Pop punk makes a resurgence during COVID-19


UNSPLASH/Nick Fewings Pop punk reemerges to relieve the angst felt by those surviving the pandemic.

Nathan Manion, Staff Writer

Over the course of the last year, I have found myself using music to escape from reality.
While I tend to pride myself on listening to a wide variety of music, I found myself coming back to one specific genre over and over: pop punk.
When people think of pop punk, the first bands that come to mind are bands such as Green Day, Blink-182, My Chemical Romance, Paramore and so on. Bands that were popular in the 1990s to mid-2000s.
These bands made commercially successful-sounding music with lyrics reflective of being young and hanging out with friends. While these bands were popular at the height of the genre’s commercial success, other bands have continued the sound these artists helped to create.
Since 2010, pop punk has maintained a strong, loyal and grassroots fan base.
While the early bands of the genre wrote youthful songs, the new groups write songs that reflect the feelings of social anxiety, escapism and growing up. Songs that give the listener the ability to escape the taxing feeling society puts on people today. One of the bands that leads this new theme is Philadelphia band The Wonder Years.
In 2011, The Wonder Years released their sophomore album “Suburbia I’ve Given You All and Now I’m Nothing,” an album that would set the tone of the genre for the next decade.
With its overall heavier sound and harsh vocals, “Suburbia” was an album meant to help the listener reflect and escape. It’s an album that encourages listeners to take their anxiety, turn it outward and escape into their imagination.
As cultural critic Hanif Abdurraqib describes the album, “it feels, in tone and tension, like coming home for a summer after your first year of college, having tasted another existence and wanting more, but instead sleeping in your childhood room.”
In this last year, we all wanted to go back to that other existence we knew. We long for a time where life seemed to make more sense and we did not live in a constant wondering of what is next.
In this time, I’ve come to miss the simplicity of coming home after freshman year, facing my home with new experiences and a fresh outlook on the world. In this time, I have found myself increasingly drawn to pop punk, to remembering those times when there was a brave new world ahead of me.
The COVID-19 pandemic has led to a profound loss of freedom and flexibility that existed previously.
No longer can I just hang out with friends or go to parties or live carelessly.
The pandemic has effectively forced my entire generation to grow up in a matter of months.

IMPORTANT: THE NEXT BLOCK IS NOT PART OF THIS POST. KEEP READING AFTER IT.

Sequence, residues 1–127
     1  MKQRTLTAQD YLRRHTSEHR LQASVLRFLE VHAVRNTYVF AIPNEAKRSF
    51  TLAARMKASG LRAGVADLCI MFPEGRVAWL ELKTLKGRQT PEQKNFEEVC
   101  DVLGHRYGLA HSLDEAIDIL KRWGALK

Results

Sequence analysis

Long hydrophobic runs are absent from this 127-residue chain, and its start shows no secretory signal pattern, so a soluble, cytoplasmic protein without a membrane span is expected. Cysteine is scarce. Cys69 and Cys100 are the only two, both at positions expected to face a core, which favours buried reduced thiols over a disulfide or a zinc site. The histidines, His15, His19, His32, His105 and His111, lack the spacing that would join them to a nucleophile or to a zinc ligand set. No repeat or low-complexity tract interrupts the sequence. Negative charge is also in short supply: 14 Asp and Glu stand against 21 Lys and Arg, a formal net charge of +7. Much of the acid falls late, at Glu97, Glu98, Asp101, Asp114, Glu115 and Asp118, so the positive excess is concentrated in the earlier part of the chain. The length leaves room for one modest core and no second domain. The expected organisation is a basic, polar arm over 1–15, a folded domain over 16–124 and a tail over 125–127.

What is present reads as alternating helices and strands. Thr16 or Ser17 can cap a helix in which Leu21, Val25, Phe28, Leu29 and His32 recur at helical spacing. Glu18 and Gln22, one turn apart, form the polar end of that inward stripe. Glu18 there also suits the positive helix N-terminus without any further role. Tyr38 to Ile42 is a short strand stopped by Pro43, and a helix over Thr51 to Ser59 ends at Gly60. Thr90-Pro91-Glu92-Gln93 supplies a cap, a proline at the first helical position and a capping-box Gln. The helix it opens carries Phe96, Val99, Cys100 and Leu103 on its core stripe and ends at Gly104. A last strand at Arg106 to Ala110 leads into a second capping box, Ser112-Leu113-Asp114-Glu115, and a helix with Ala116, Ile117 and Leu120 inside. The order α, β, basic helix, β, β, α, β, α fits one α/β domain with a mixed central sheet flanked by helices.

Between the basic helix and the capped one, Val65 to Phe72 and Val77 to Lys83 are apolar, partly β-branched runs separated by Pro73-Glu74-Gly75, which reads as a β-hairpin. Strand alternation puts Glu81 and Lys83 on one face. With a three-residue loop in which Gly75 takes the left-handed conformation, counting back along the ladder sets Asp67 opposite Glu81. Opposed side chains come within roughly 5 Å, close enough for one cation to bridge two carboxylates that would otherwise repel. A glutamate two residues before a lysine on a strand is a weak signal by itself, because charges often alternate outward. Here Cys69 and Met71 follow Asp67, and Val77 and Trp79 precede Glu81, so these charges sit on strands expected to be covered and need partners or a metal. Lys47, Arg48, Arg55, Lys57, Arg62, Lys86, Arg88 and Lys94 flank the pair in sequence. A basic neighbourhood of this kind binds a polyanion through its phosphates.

In this process, we have been forced to assess what is really important to us, what things truly made our lives worth living.
COVID-19 has made me consider what I truly enjoy doing because I can no longer do it. It has created this distinct divide between those things that were impactful to my life and those things that I did for some other reason.
In the song “Gold Steps,” the band Neck Deep reflects on the common struggles in life. While the pandemic is certainly not a common struggle, it is something we are all struggling through.
But through living in this pandemic we have been able to understand how grateful we are for the little things and little moments.
As they sing in the song, “Life’s not out to get you despite the things you’ve been through. Cause what you give is what you get and it doesn’t make sense to make do.”
I think if anything, this is what writers of pop punk songs and living through the pandemic are trying to tell us. That we make life what we want to and no matter what we go through, at the end of the day, if we have hope we can live a great life.
To put it as simply as they do in “Gold Steps,” “When you see the signs saying hope is ahead/Then you’re right on track for a better end.”
This is why pop punk, especially modern pop punk, is so beautiful.
As a genre, it has had to grow up in the same way that its listeners and creators have. It has evolved into something much more personal and unique than the good times anthems of the ‘90s and early 2000s, something that can touch a smaller audience much more deeply than its earlier iteration.
It understands that life is not always easy, but it makes sure that we have something that helps us get through the struggles.
To quote the song “Came Out Swinging,” by The Wonder Years, “I spent the winter writing songs about getting better. Well if I’m being honest, I’m getting there.”
If we all are being honest, we are getting there.


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